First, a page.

Formerly operating from a beachfront shipping container, Charlie’s has expanded across the last couple of years, and is now a sprawling location on Rarotonga’s south coast that’s equally popular with locals and visitors. Secure a spot on the expansive deck and team views of the lagoon and reef with wood-fired pizza and a handle of Cook Islands lager. The combo plate of tuna sashimi and ika mata is a good pick for seafood fans. Live music kicks off at 6.30pm after the 4pm to 6pm happy hour, with the eponymous Charlie often manning the bass guitar to accompany ukulele action and soulful island harmonies.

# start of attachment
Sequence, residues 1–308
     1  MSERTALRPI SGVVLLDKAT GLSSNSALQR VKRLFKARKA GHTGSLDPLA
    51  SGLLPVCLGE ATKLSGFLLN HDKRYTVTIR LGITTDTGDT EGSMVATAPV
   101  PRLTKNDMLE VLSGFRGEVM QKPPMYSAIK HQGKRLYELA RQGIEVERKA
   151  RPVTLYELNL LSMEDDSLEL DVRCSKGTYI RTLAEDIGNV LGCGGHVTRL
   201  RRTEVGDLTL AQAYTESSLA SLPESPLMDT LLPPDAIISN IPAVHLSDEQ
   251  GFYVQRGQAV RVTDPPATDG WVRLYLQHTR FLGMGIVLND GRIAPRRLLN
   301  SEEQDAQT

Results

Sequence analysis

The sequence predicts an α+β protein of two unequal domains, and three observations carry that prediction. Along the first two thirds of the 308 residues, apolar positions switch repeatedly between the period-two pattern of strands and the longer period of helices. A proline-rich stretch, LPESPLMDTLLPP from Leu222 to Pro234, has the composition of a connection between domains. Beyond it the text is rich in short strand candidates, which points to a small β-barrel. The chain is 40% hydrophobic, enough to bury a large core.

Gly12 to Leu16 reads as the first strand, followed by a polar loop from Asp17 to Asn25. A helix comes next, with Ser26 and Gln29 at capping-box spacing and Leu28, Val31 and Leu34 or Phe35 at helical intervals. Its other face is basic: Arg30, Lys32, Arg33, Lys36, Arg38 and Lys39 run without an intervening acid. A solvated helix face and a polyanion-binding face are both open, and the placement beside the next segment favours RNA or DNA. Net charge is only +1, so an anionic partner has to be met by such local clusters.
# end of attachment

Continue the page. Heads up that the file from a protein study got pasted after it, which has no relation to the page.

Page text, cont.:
Located on Rarotonga’s west coast, in close proximity to the island’s bigger family-friendly resorts, Beluga’s outdoor tables and cool white décor make it a top spot for coffee and all-day dining. Brunch is highly rated, while salads and local seafood combine with a myriad of global flavours later in the day. Don’t miss checking out the local arts, crafts and giftware on display – much of it is for sale.
In the shadow of a sprawling mango tree planted by James’ great-grandfather, James and Karin Crombie at Aitutaki’s Avatea Cafe craft brilliant food influenced by local flavours. Seared tuna topped with creamy guacamole is served in taco shells made from Māori-style fry bread, while there’s a real tropical kick to the fish curry with dragonfruit and homemade naan. Karin’s keen to focus on Aitutaki ingredients – especially herbs, fruit and vegetables – and refreshing drinks options include smoothies and locally-brewed kombucha. Adjacent to the café is a compact shop selling cool t-shirts, tropics-inspired candles and interesting homeware.